The J. Paul Getty Museum is home to troves of fascinating historical artefacts. And last week the museum announced a project to give the public unfettered access to it. The Open Content Program makes 4600 high-resolution images available for free and for any use whatsoever. Here are 11 gems to help begin your historical journey.
Carleton Watkins, Cathedral Rock – Yosemite, 1861, Albumen silver print.
Carleton Watkins took a whole mess of beautiful pictures of Yosemite and the American West before Ansel Adams was even born!
William Henry Jackson, Dale Creek Bridge, Union Pacific Railway, 1885, Albumen silver print.
This… reminds me of an old-timey hyperloop.
Roger Fenton, Dinornis Elephantopus, 1854 – 1858, Salted paper print.
Louis-Émile Durandelle, Exposition universelle de 1889 / État d’avancement, 1888, Albumen silver print.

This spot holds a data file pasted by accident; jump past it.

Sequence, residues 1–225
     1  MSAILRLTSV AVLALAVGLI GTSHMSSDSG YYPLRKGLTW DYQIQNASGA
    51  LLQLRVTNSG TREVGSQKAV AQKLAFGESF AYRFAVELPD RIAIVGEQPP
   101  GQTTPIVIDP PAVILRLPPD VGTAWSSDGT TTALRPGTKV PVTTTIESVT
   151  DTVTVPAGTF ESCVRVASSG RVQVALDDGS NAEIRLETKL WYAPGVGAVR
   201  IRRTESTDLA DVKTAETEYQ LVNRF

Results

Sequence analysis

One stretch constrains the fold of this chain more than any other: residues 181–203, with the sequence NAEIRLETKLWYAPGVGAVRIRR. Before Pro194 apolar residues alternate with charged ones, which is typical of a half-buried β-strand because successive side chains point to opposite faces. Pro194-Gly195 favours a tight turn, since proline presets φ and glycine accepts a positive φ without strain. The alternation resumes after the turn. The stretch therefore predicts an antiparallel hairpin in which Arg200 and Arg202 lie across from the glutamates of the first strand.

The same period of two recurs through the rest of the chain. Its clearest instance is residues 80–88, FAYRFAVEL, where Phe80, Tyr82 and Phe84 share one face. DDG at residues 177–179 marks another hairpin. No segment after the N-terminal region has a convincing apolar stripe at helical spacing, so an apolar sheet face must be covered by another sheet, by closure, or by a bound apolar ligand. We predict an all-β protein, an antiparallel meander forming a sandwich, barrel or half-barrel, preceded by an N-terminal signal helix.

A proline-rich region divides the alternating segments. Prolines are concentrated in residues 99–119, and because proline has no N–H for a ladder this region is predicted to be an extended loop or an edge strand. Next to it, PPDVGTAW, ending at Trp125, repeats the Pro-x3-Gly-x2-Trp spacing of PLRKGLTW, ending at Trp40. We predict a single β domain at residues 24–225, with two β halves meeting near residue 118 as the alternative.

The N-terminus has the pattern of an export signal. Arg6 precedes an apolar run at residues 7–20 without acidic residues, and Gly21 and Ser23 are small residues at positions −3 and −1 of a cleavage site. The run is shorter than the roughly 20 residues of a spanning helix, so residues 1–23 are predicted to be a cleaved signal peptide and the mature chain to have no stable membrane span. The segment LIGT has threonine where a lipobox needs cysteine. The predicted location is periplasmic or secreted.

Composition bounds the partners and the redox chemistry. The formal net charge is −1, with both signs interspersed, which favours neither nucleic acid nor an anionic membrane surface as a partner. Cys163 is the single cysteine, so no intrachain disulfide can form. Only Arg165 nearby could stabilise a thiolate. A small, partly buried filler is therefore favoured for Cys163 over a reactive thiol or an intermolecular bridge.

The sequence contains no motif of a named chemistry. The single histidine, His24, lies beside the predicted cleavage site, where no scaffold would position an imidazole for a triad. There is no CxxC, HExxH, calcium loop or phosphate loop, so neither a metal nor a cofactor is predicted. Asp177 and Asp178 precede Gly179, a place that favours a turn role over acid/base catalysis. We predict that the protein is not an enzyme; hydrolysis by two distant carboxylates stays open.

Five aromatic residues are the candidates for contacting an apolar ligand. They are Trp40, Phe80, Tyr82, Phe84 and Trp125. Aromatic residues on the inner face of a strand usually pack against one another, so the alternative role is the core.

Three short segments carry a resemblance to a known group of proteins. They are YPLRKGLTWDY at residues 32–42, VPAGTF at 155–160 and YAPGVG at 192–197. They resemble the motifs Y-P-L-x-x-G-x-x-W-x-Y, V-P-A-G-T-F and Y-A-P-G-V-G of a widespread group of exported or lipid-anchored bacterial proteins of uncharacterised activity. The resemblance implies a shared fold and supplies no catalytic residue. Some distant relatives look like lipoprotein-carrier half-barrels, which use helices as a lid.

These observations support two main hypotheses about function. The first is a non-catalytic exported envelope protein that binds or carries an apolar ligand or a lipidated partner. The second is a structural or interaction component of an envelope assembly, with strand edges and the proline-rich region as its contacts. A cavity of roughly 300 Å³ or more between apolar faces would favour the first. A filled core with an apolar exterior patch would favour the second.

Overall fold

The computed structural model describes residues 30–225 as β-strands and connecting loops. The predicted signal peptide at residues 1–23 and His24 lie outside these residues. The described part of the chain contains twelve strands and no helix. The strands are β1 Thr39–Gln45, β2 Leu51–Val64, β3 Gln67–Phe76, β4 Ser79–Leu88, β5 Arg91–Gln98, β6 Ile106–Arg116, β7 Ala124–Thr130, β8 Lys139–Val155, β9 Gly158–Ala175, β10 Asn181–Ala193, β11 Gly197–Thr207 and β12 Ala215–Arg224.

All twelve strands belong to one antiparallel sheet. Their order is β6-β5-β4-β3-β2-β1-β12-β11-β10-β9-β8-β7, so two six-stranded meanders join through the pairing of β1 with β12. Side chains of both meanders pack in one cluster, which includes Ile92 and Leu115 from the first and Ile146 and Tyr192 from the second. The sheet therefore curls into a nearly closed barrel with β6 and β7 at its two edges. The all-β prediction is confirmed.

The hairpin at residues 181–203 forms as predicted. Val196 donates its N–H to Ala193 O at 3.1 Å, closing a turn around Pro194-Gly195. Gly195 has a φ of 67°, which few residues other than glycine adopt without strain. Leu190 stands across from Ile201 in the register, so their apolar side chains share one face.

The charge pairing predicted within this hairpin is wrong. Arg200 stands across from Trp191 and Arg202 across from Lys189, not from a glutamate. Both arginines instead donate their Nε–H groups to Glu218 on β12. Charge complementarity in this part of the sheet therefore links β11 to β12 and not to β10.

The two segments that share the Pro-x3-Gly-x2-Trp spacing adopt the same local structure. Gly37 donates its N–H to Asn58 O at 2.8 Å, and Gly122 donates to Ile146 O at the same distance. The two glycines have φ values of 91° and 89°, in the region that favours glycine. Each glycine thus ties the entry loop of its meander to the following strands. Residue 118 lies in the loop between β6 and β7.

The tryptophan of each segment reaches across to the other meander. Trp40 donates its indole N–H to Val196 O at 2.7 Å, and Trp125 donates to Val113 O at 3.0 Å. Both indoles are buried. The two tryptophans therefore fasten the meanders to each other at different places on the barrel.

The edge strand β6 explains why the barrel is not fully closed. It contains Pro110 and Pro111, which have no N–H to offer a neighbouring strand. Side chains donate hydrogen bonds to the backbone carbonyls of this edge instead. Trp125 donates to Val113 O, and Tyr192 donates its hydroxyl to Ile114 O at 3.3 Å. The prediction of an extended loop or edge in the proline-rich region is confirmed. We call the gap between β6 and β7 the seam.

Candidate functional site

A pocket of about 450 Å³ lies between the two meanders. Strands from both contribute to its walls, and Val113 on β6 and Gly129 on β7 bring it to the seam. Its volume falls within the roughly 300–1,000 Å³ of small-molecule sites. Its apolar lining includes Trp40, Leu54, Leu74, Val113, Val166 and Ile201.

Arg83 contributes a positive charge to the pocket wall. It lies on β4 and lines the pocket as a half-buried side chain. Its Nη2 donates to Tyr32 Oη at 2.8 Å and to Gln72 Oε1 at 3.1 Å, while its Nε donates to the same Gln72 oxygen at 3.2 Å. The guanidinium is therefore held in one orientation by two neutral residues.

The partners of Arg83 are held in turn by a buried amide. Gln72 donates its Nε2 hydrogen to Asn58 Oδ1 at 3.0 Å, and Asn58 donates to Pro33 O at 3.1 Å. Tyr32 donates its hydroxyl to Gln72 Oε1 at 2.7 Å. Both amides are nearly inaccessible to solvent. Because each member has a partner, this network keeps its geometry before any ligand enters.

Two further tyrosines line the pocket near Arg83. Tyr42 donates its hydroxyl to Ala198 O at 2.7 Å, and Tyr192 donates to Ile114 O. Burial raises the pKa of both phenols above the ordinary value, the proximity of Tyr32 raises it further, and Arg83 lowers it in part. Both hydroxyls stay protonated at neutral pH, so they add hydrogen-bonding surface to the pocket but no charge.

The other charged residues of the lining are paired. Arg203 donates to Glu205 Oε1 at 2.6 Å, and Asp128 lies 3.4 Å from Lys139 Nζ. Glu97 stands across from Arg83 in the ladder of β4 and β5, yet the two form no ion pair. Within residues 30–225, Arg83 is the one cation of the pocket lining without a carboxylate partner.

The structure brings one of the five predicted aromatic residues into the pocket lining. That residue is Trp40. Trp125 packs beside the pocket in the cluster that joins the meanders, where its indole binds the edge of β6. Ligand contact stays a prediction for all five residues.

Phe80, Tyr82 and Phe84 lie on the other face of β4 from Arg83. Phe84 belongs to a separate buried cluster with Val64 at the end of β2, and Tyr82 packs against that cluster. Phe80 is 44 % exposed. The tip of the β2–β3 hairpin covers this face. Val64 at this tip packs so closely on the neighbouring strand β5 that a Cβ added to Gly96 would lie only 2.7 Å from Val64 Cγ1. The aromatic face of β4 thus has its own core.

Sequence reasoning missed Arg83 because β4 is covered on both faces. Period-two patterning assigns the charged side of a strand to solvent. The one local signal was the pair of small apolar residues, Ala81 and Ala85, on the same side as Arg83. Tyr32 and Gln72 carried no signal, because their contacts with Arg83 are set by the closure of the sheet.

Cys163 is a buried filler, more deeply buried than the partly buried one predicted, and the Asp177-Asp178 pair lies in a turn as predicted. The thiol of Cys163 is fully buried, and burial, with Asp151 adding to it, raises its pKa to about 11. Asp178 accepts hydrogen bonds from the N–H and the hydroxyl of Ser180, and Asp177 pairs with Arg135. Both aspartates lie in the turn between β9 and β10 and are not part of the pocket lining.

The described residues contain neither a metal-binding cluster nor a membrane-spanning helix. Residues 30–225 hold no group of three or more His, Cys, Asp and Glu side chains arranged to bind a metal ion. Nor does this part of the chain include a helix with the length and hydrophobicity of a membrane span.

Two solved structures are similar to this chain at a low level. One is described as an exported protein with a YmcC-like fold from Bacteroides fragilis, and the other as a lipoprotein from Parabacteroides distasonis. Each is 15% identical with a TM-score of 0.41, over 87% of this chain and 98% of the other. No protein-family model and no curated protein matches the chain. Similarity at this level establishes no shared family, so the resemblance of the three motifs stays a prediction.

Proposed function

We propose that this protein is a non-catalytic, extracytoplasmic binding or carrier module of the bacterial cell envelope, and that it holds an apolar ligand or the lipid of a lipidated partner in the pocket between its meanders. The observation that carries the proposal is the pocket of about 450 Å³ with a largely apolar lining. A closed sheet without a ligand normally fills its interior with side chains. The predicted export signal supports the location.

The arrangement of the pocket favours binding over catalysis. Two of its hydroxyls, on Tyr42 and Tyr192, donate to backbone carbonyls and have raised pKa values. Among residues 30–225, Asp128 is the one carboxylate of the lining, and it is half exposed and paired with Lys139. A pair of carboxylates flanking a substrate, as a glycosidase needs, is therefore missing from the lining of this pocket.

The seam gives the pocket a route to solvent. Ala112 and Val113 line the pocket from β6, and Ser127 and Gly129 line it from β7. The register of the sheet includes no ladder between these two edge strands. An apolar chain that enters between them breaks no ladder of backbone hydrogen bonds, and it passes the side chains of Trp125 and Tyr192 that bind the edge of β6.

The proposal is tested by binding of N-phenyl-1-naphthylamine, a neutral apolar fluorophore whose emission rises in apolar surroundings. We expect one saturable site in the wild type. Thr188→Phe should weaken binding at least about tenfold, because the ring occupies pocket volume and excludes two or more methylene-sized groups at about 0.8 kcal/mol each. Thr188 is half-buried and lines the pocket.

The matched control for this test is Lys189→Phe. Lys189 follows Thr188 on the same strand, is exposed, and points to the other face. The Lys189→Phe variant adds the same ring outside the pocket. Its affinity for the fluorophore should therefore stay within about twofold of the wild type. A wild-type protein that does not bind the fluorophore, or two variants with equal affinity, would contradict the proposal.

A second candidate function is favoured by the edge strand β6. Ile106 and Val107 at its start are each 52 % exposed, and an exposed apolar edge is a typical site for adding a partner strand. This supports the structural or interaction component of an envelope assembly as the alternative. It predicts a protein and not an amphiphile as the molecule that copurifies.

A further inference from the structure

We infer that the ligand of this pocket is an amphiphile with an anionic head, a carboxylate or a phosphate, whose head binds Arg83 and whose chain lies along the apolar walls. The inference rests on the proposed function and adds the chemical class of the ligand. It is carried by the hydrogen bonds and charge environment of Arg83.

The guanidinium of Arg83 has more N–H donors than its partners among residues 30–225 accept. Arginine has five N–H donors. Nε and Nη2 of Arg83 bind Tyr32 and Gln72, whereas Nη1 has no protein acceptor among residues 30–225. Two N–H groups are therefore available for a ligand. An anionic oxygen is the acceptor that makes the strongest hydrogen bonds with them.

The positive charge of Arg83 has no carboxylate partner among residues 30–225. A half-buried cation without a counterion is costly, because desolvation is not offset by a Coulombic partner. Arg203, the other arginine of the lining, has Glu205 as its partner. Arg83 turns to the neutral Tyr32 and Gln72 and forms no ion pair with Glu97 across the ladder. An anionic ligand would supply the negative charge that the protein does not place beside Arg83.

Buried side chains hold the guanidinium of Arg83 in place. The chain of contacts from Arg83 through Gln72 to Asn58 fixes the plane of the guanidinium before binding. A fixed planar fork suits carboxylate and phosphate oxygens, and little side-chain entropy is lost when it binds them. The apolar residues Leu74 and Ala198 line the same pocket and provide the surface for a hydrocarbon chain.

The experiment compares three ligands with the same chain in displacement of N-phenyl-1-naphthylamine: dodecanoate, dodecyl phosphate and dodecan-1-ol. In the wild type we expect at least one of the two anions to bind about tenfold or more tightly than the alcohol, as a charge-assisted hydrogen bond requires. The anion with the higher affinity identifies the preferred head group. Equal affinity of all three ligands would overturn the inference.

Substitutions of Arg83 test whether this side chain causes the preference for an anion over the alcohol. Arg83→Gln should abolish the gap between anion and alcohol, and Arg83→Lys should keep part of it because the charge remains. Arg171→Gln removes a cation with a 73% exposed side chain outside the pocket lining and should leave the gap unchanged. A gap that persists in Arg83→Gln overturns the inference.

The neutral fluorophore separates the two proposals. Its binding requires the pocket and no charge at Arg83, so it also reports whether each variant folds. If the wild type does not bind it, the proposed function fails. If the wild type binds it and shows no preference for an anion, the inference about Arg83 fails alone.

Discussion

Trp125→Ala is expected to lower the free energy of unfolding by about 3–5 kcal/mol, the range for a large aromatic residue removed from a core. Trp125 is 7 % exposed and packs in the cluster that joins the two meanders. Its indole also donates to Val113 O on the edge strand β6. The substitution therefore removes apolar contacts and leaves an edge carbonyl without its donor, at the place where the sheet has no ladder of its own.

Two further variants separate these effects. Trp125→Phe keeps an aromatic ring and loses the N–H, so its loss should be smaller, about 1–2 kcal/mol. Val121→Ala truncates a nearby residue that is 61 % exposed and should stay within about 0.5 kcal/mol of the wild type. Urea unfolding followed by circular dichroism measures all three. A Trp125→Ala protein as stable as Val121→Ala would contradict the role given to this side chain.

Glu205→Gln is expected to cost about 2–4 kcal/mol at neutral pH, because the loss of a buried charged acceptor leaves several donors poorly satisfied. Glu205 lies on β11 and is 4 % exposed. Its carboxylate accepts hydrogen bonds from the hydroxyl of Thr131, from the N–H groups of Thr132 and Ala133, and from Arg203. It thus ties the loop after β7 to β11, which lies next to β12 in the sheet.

Anna Atkins and Anne Dixon, Leucojam Varium, 1854, Cyanotype.
A great example of a photogram (placing an object directly on photo-sensitive paper), by one of the first female photographers, Anna Atkins.
Unknown (photographer) , Moon Crater, late 1850s, Salted paper print from a Collodion negative.
A.J. Russell, Commodore Dead, American, April 1864, Albumen silver print.
Eadweard J. Muybridge, Running (Galloping), 1878 – 1879.
Muybridge is often credited with ushering in the age of the motion picture. His high-speed sequential photographs predated the first movie cameras and projectors later in the 19th century.
Unknown (illuminator) , Two Diagrams Showing the Orbits of the Sun and the Moon, Franco-Flemish, fourth quarter of 13th century (after 1277).
It’s amazing to see those old geocentric theories actually put down on paper in a visual way!
Doris Ulmann, Darkroom Still Life, 1918, Platinum print.
Walker Evans, Couple at Coney Island, 1928.
Check out the complete database of the Getty Open Content Program with over 4600 photographs, paintings, drawings and other images to download for free. Drop your finds in the comments! [Getty Open Content]